The best group shows are not explicitly themed, but merely by juxtaposing the work of two or more artists, expose a parallel or create something new from the dialogue between works. Superimpose, opening Friday at Twelve21 Gallery, gathers work by three artists that explores the notion of juxtaposition itself.
Seattle's Weston Jandacka, Gainesville's Victor Perez and Orlando's Brian Phillips all show paintings in a fairly traditional figurative style, though poppy and graphic. The conceptual work takes place in your head, as you make the connection between disparate items or apprehend the ironic gap between image and title.
Perez's superflat acrylics smash together conflicting elements with a jokey force – a long skinny red balloon twisted through the empty eye sockets of a skull, a condom skinned down over a cactus. In the better pieces, the contradiction isn't just a visual pun, but also a pithy expression of emotion – a painting titled "Conquest" (right), an astronaut whose helmet is being stove in by the leg of an ornate red couch, is as potent an illustration of the fear that domesticity will strangle one's freedom as I've seen in a while.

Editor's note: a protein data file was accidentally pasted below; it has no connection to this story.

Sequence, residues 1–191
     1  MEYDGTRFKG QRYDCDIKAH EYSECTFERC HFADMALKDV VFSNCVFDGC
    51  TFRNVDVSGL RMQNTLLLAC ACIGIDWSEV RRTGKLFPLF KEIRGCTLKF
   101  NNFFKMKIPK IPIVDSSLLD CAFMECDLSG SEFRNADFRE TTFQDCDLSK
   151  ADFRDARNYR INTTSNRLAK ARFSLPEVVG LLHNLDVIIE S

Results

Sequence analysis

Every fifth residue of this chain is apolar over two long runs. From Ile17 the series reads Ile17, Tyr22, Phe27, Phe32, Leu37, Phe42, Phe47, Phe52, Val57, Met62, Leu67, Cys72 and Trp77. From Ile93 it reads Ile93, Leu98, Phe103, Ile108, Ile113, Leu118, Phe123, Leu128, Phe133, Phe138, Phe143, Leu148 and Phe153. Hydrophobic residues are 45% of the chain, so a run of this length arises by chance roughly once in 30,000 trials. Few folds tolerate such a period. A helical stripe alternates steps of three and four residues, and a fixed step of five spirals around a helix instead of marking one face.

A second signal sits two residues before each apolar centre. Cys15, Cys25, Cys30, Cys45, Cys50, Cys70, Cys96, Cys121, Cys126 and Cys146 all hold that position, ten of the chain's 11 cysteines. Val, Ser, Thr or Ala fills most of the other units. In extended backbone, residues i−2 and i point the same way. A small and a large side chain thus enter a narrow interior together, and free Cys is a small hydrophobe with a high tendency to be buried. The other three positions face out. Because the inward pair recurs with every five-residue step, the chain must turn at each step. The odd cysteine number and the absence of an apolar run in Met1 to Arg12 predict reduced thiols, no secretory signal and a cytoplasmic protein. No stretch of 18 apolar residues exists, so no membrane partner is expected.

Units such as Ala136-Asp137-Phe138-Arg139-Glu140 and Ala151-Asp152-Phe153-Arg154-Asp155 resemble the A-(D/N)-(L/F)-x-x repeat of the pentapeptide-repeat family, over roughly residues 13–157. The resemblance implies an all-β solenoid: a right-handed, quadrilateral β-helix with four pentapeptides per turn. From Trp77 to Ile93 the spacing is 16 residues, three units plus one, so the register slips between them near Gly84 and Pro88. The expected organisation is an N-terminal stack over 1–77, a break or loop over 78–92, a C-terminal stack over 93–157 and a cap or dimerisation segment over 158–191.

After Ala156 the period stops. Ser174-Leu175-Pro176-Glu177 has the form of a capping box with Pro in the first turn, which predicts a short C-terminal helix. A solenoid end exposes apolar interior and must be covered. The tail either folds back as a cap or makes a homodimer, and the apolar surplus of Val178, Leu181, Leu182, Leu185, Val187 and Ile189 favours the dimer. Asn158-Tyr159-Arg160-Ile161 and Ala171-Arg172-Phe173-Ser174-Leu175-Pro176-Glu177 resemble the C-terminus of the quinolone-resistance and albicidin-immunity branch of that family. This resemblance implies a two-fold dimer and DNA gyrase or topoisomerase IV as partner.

Phillips' small oils also survey the intersection between domesticity and disturbance, perhaps somewhat more literally, in images of burning houses ("Under the Illusion of Exploration Learning What Should Simply Be Recognized," below) and a series of fiery-haloed eclipses.
Jandacka uses a masking technique to transpose cutout lettering over his landscape, superimposing the commentary over the very image – or forcing his imagery into the mold of his sardonic titles: "It's to Die For" (oil on wood) subverts the implied fabulosity of that phrase with the blunt force of a firing gun.
It's not all death and destruction, though; even the darkest ironies and most bitter puns show a lightness – a grin at the abyss rather than a falling tear. Superimpose, while not exactly lighthearted, is a fun show, a blithe, zero-fucks-given shrug at the doomsayers.
opens 7 p.m. Friday, Feb. 1
1221 N. Orange Ave.
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